Did the VCs Steamroll Zappos? In a word, no. $900 million dollars is not chump change, even for a company as successful as Zappos. But that's not stopping a number of blogs, including Fast Company and .NET, from putting forth a theory that Sequoia Capital forced a low-ball sale against the wishes of CEO Tony Hsieh and other Zappos managers. FC's Kit Easton says "the shotgun of blame points to the VCs," and .NET's Brandon Watson crows, "Zappos Deal Shows VCs Hate Entrepreneurs." These suggestions that Hsieh and the Zappos management team was somehow steamrolled by a bunch of evil VCs seems a bit strange considering that Tony Hsieh was himself a VC prior to joining Zappos. His firm, Venture Frogs, led the initial investment in Zappos and he only became CEO later. Through his company's PR firm, Hsieh responded: "The articles and rumors of Sequoia forcing us to sell are simply not accurate. Nobody was forced to sell to Amazon. The Zappos board was united in believing that joining forces with Amazon would be in the best long term interests of our employees, customers, shareholders, and other stakeholders."
Bill Gates waxes nostalgic. Closing out Gizmodo's week-long homage to 1979, Bill Gates penned this blog post reminiscing about the state of Microsoft 30 years ago. As he recalls, Microsoft in 1979 had only 13 employees and had just completed a relocation from Albuquerque to Bellevue, Washington. What stands out most for Gates about 1979 was the excitement surrounding the emergence of BASIC as the standard programming language for microcomputers. He cites that development as the catalyst for the possibility of creating software applications that could have a mass appeal to the public. Proof of that came with the launch of Microsoft's Consumer Products Division, which released Microsoft Adventure, an early adventure game that was one of the company's first consumer products. Perhaps the best part of the post is the accompanying photo, which shows Microsoft's 1979 staff, including a fresh-faced Gates, in classic period garb. As Gates points out, "That famous picture provides indisputable proof that your average computer geek from the late 1970's was not exactly on the cutting edge of fashion."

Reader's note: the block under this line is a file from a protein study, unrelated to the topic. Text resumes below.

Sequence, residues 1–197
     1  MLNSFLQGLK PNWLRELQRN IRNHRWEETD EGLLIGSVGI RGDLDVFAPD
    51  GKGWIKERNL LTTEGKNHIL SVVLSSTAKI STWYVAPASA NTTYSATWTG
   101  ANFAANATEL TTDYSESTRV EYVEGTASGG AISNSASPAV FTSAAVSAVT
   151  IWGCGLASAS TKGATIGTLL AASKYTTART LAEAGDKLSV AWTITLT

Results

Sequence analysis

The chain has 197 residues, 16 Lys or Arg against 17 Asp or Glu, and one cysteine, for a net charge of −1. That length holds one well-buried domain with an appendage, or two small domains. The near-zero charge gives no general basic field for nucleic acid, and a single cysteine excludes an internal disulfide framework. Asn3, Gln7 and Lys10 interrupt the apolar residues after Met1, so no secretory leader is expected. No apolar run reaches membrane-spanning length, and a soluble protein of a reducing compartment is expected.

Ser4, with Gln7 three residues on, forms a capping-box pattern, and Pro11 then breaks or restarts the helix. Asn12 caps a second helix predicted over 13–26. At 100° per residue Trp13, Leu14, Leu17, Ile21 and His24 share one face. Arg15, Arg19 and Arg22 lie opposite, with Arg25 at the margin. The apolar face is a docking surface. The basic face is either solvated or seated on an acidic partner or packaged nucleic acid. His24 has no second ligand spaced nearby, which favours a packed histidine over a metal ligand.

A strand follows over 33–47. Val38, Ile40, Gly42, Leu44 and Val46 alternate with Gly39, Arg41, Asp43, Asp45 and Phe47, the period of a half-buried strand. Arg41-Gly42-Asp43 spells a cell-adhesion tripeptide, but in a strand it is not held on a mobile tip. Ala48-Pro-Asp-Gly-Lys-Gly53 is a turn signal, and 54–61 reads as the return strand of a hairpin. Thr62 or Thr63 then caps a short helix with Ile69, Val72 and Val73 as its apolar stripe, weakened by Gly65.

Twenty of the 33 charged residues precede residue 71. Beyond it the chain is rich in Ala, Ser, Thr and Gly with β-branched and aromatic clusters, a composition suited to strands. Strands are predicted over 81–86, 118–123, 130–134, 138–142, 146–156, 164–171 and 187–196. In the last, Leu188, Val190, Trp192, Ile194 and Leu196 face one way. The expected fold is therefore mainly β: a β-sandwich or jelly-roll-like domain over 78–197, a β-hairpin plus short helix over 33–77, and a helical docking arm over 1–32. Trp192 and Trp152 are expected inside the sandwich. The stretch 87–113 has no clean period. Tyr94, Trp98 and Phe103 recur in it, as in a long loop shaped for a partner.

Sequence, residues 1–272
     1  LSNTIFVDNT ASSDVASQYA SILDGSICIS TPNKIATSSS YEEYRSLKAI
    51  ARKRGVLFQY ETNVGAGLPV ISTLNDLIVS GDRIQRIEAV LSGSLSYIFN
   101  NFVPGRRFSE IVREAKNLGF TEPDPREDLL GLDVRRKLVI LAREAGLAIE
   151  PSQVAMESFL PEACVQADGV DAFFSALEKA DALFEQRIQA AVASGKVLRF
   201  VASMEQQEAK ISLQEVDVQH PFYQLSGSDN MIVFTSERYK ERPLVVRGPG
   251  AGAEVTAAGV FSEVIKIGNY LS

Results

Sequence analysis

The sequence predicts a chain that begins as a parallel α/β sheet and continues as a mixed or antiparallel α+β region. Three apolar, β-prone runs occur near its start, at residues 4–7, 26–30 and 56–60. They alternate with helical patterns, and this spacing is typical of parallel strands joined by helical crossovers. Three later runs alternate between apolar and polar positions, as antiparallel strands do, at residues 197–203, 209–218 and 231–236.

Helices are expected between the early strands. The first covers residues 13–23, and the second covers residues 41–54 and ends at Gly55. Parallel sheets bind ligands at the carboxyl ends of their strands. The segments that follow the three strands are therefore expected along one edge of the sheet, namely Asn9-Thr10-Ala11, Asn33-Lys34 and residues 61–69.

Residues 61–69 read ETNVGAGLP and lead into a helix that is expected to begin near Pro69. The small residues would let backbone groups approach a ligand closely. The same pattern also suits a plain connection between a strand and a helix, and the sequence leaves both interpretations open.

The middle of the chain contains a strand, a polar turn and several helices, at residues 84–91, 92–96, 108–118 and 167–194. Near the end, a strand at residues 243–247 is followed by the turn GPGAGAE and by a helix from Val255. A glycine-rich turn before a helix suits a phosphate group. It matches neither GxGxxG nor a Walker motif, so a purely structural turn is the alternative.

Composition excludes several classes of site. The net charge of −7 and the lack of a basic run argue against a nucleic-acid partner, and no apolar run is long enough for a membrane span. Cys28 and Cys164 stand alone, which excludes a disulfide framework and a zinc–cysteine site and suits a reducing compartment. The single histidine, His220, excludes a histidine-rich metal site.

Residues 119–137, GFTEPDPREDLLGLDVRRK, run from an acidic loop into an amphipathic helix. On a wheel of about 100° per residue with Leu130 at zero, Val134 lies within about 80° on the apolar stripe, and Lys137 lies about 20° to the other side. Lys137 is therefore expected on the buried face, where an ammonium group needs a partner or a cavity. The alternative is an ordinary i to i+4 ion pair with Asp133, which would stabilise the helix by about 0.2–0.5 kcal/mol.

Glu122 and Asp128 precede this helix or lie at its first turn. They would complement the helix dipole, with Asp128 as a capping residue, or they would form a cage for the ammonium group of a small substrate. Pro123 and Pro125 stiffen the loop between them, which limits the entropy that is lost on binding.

How to spot a fake check. Kathy Kristof over at MoneyWatch has a useful piece for any business owner who accepts checks. She interviews Thomas Silvia, the owner of a company whose name has turned up recently on countless forged checks. The only difference between his checks and the fake ones are the company phone number and the signature names, Silvia explains, so if you want to be safe, you're going to have to do some research.
Twitter offers a business primer. If the 140-character phenomenon is still uncharted territory for your company, Twitter is there to help. Yesterday the site launched it's guide, "twitter 101," to provide business-owners with tips to leverage tweets, reports TechCrunch. In addition to case studies, the Twitter appendage site lists links to books and blogs on the subject and a handy glossary of ever-expanding "tw" lingo. But beware, this is not for the seasoned pro.
Regional banks on the brink. It may be pushed out of the headlines, but in recent weeks, big regional banks have seen their stock prices plummet. That brings back concerns over whether these banks can roll over their debt, bring in customers, and pay for their operations, reports Jon Markman in MSN Money. Investors are pressuring these banks to raise capital, which will prove difficult. As mounting losses from commercial real estate take their toll, banks must build their reserves, which detracts from earnings and further drives down their stock prices. Small businesses that rely on regional banks should be ready for a credit crunch. (via via peHUB)
Stop right there. Super-motivated, rapid thinking entrepreneurs can often mistake what Entrepreneur magazine calls "strategic non-action" with laziness. Instead of continually mass-pitching your brand, says columnist David Seaman, whittle and hone your pitch into something that will cause others to do your work for you. "So stop groveling, stop blind pitching, and start crafting," he says. By asking friends and close contacts for advice, you could improve your marketing position to soething that people will want to forward around to their friends and coworkers without your constant prodding. In a zen-like bit of advice, Seaman says that "silence is as important as noise."